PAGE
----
The initial findings and assumptions being made
Rtings published their commentary and analysis after the first 3 months of testing here, leading to various conclusions being drawn on discussion forums and elsewhere:
Sony WOLED TV’s show higher image retention than LG WOLED?
The first headline that people are drawing conclusions on is that LG OLED TV’s seem to fare better than Sony OLED TV’s, despite both using the same LG.Display WOLED panel technology. The images provided by rtings show that, for example, the Sony A90K showed “possible permanent image retention after 2 months”, where the LG C2 was “showing no image retention”. Does that mean LG OLED’s are better than Sony in this regard and have less burn-in risk?
For the Sony TV’s they also attempted to clear the image retention and establish if it could be cleaned, or if it was permanent burn-in:
- An image cleaning video was run for “about a week” following the regular stress test schedule
- They were able to “nearly eliminate all image retention” on some Sony screens – the A8H, A80K and A90J
- The Sony A80J and A90K however looked no better, suggesting permanent burn-in instead of image retention. The cleaning video even made things worse on the A90K, leaving its own image retention too!
- (LG OLED models didn’t seem to show any image retention during the same 3 month testing period)
While the OLED layer is the same between LG and Sony screens, rtings report that most other components and electronics appear to be different, and of course software and firmware varies too. One fundamental operational difference between the Sony and LG screens which rtings commented on was their compensation cycles – the panel and pixel cleaning mechanisms designed to help mitigate image retention risks. During that initial 3 month testing window, Sony screens only ran their cycles once the TV has been turned off for >4 hours, while LG screens run their cycles straight away each time it was turned off. During the initial testing window (~3 months) this meant that Sony screens were only getting to run 3 compensation cycles per week, while the LG’s were running 21. Initially this was suggested as a possible cause of the increased image retention, and so a couple of new screens were added in to the mix to experiment.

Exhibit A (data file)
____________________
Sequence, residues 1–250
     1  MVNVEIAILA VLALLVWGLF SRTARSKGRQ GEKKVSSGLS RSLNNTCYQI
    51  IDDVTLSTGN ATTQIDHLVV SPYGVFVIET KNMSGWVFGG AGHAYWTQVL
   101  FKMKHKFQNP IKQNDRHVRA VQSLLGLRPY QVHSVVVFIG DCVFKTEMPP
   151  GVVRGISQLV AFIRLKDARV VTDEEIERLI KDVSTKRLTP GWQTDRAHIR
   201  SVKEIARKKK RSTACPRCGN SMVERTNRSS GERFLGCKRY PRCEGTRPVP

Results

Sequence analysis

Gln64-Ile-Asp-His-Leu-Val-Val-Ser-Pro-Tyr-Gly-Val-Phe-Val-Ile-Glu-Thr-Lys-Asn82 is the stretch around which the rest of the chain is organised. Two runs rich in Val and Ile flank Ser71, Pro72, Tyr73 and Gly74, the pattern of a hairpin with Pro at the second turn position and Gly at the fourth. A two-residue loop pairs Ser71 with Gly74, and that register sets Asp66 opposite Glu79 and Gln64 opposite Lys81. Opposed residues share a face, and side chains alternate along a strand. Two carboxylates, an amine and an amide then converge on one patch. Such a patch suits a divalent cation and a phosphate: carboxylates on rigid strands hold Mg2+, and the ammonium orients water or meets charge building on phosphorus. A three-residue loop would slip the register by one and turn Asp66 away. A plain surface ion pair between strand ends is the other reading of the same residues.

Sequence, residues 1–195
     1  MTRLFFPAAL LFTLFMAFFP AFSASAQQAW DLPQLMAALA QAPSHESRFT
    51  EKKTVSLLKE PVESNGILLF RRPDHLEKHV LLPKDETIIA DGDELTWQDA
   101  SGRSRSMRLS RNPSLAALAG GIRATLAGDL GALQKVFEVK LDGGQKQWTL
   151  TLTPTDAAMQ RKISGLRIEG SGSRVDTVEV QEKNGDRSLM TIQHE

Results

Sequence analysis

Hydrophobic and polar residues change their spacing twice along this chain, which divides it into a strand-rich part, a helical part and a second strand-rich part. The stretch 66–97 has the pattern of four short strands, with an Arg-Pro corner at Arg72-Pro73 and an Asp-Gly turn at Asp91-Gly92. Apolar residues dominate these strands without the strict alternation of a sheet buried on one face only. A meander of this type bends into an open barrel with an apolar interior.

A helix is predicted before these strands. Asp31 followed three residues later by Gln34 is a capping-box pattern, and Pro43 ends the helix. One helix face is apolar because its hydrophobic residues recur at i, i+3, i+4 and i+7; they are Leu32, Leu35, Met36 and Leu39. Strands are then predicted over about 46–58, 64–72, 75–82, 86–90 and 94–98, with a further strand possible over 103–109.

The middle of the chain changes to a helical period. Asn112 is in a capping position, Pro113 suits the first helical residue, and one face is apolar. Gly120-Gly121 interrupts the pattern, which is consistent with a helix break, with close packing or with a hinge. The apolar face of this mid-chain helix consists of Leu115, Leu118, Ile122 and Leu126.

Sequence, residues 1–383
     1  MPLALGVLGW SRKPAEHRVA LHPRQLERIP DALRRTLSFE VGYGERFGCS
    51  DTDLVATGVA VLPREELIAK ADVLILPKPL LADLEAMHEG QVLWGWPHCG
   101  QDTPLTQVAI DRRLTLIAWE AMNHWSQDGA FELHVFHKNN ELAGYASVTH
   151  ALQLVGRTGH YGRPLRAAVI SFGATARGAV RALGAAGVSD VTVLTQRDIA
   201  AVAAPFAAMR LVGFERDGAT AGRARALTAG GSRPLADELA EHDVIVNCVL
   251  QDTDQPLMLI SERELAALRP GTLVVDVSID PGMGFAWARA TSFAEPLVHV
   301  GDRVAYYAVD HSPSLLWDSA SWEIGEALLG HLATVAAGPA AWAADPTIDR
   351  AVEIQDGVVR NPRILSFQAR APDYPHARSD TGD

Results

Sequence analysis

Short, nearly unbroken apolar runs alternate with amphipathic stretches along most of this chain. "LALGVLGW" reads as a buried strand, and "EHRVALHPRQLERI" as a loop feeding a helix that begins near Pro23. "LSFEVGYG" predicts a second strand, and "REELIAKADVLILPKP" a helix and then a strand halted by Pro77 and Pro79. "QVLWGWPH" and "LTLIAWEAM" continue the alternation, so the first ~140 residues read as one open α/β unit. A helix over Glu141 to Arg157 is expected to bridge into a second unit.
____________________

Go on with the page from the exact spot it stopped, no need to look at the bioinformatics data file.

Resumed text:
Both new screens were set to only allow 3 compensation cycles to run per week. After that shorter 1 week test, a second Sony A90K showed image retention still (as reported here), while a newly added LG 48C1 showed none! As far as we can tell, this is also with the also LG being on for a longer total period than the Sony. Rtings say that the LG was on for 23 hours per day, with 1 hour off on 3 days of the week to allow the compensation cycle to run 3 times, and on the other days it was on for the full 24 hours (165 total hours on). While the Sony followed the normal stress test schedule which is 126.5 hours for the week (20hr per day on Tue, Thur, Sat and Sun; and 15.5 hours per day Mon, Wed, Fri). Both were able to run 3 compensation cycles during the week, but even though the LG was on for longer in total, it showed less image retention.
So based on this initial limited test period, it seems it might not be related to the compensation cycles. We would like to see more testing over a longer period where the compensation cycle runs are uniform though before we are sure it’s not this causing the difference.
Variables and questions we need answering before we can really draw conclusions